Sox Drawer: Williams on 'the most disappointing year'

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Sox Drawer: Williams on 'the most disappointing year'

When you're the general manager responsible for investing 127 million on a baseball team that wins only 79 games and finishes 16 games out of first place, you're not exactly going to be a happy camper. These are the facts Kenny Williams has to live with this off-season, how a team that had so much potential never came close to meeting expectations.

With the White Sox season now two weeks in the rear-view mirror, Williams is still digesting what happened, and it doesnt taste good.

"It's the most disappointing year that I've had in baseball," Williams said in an interview with Comcast SportsNet. "I thought we had another opportunity to position ourselves for another championship."

So what kind of position are the White Sox in now?

"We do have some payroll limitations. It didn't work out last year. That was the gamble by going out on a limb payroll-wise and it backfired. We lost money, bottom line," Williams said. "Are we going to now take the same gamble? The answer to the question is no. Weve got to take a step back, but that doesn't mean we're not going to try to win just the same."

Changes to the White Sox roster are coming. That's a given. As for who and how many?

"I can't even look at that until we sit down as a group. I don't want to do that right now because the wounds are still fresh. We are a very frustrated group, because we had expectations. Let's not be reactionary based on all of that disappointment too quickly, because these are players with track records. So let's take a deep breath, clear our heads, come back, and make some good solid decisions."

The biggest decision might be what do about free agent Mark Buehrle. He's prepared to test the open market, and with the Sox cutting payroll they might not be able to afford him.

"He's made no mistake about it, he wants to be back here," Williams said. "We would like him to be back here. Does it all fit together? I don't know yet."

With Theo Epstein headed to the Cubs, you can forget about assistant general manager Rick Hahn crossing over to the other side of town to fill the GM role. But the Angels and Orioles have openings. Others will pop up if not this year, then next year. Is Williams concerned he's going to lose his right-hand man?

"Sure, but if it happens I'm happy for him. He's one of the brightest minds in the game. He's been an asset around here for sure. I'd like to see him get an opportunity. If that comes now, great. It's coming. I know that."

White Sox agree to one-year deals with Brett Lawrie, Avisail Garcia

White Sox agree to one-year deals with Brett Lawrie, Avisail Garcia

Brett Lawrie and Avisail Garcia will both return to the White Sox in 2017.

The team announced it reached deals with both players shortly before Friday’s 7 p.m. CST nontender deadline. Lawrie will earn $3.5 million next season and Garcia received a one-year deal for $3 million.

The club didn’t tender a contract to right-handed pitcher Blake Smith, which leaves its 40-man roster at 38.

Acquired last December for a pair of minor leaguers, Lawrie hit .248/.310/.413 with 12 home runs, 22 doubles and 36 RBIs in 94 games before he suffered a season-ending injury.

Lawrie produced 0.9 f-WAR when he suffered what then-manager Robin Ventura described a “tricky” injury on July 21. Despite numerous tests and a lengthy rehab, Lawrie never returned to the field and was frustrated by the experience. Last month, Lawrie tweeted that he believes the cause of his injury was wearing orthotics for the first time in his career.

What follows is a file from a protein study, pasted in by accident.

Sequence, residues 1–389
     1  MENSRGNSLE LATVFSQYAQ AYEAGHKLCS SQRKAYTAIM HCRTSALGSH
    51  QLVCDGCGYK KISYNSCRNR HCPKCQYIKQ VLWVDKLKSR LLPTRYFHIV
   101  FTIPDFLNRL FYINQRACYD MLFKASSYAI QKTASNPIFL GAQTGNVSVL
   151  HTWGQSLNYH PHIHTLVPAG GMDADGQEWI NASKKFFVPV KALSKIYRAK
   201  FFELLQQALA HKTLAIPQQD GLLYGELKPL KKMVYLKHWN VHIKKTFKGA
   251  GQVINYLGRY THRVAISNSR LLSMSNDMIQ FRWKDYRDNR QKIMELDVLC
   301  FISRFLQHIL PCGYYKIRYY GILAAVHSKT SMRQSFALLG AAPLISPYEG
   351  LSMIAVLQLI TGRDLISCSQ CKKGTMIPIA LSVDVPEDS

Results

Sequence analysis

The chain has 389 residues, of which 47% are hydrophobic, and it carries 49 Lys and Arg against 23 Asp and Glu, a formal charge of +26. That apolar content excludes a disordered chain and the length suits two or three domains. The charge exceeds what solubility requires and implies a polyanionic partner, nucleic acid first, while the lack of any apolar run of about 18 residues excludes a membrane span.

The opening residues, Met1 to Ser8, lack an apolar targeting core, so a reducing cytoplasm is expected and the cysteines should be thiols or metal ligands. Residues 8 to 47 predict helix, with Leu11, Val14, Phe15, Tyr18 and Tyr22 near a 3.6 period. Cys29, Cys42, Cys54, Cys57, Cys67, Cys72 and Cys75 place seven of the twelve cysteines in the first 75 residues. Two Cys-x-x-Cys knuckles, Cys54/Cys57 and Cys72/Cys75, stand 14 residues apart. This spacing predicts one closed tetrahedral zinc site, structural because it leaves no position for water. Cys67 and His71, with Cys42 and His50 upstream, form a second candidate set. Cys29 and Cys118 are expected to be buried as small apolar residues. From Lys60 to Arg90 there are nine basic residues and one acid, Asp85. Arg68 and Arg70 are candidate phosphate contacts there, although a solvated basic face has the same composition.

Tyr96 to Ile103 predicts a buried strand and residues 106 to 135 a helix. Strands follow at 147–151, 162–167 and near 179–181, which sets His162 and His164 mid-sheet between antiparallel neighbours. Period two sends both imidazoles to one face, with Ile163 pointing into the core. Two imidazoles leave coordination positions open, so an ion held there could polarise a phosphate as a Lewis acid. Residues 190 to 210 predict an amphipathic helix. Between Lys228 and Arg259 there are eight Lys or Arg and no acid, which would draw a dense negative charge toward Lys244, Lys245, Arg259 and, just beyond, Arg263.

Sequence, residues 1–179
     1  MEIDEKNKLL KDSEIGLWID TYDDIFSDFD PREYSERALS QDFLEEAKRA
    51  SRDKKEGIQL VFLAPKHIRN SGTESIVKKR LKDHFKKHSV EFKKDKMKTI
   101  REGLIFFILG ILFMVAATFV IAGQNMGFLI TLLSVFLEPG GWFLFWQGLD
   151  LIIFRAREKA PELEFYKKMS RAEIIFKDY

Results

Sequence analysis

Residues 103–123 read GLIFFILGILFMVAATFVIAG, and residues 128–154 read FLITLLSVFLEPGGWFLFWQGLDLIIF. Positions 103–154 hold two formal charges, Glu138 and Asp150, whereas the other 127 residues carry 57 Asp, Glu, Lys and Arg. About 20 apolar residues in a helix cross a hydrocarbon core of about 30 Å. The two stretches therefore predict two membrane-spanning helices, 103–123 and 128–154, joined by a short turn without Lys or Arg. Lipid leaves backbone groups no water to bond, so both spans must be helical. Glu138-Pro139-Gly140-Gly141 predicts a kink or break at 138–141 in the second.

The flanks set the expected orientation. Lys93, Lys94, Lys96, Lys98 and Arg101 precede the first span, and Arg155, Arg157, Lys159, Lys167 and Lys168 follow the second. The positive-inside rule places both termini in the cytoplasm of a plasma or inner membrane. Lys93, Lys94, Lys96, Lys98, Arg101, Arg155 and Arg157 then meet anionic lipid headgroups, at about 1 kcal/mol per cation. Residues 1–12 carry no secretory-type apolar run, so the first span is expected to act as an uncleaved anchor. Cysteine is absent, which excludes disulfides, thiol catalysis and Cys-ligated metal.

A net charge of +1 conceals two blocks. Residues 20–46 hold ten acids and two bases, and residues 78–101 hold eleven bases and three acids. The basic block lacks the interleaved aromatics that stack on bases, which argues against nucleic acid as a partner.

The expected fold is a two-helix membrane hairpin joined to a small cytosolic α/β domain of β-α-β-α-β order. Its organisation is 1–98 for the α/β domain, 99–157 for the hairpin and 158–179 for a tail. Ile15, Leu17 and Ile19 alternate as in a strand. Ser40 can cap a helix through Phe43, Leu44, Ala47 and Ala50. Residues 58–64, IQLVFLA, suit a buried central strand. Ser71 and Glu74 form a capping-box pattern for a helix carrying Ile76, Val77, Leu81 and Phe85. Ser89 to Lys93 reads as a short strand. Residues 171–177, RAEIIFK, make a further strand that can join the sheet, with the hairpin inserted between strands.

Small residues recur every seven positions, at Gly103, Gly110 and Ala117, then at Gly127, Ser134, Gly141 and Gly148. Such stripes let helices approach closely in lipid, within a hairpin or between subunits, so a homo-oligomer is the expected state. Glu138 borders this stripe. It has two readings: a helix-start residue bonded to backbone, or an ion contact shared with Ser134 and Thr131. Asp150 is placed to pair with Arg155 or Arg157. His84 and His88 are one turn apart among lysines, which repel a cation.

He was projected to earn $5.1 million, according to MLBTraderumors.com and earned $4.125 million in 2016.

Garcia hit .245/.307/.385 with 12 homers and 51 RBIs in 453 plate appearances over 120 games. The projected salary for Garcia, arb-eligible for the first time, was $3.4 million.

The team also offered contracts to Miguel Gonzalez and Todd Frazier, who are eligible for free agency in 2018, first baseman Jose Abreu and relievers Dan Jennings, Zach Putnam and Jake Petricka, among others.

The White Sox have until mid-January to reach an agreement with their arbitration-eligible players. If they haven’t, both sides submit figures for arbitration cases, which are then heard throughout February.

White Sox announcer Jason Benetti cracks Crain's 40 under 40

White Sox announcer Jason Benetti cracks Crain's 40 under 40

Crain's Chicago Business released its latest 40 under 40 project and White Sox announcer Jason Benetti made this year's list.

The 33-year-old just finished his first season with the White Sox as play-by-play announcer, working the home games at U.S. Cellular Field (before it was renamed Guaranteed Rate Field last month) alongside Steve Stone as longtime broadcaster Hawk Harrelson saw his workload reduced to mostly road games.

Benetti quickly became a fan favorite among Chicagoans on CSN and other networks in 2016 and his cerebral palsy became more of a backstory, with his work alongside Stone and his affable sense of humor taking center stage instead.

Among other topics, Benetti discussed how he approaches his job of broadcasting for the team he grew up rooting for:

Law school taught me that there are always two sides of the argument. I see it from the Sox prism, but I can’t believe in my heart of hearts that, if the Sox lose, the world’s over anymore. That first game, I was like, “All right, it’s just a game.” And then Avi Garcia hits a homer late in the game against the Indians and I call it like I would call it with a little more. And as the ball cleared the fence, when it was rolling around, I got a slight tear in my eye. And I was like, “What’s that?”

Check out the entire interview with Benetti and the full list at ChicagoBusiness.com.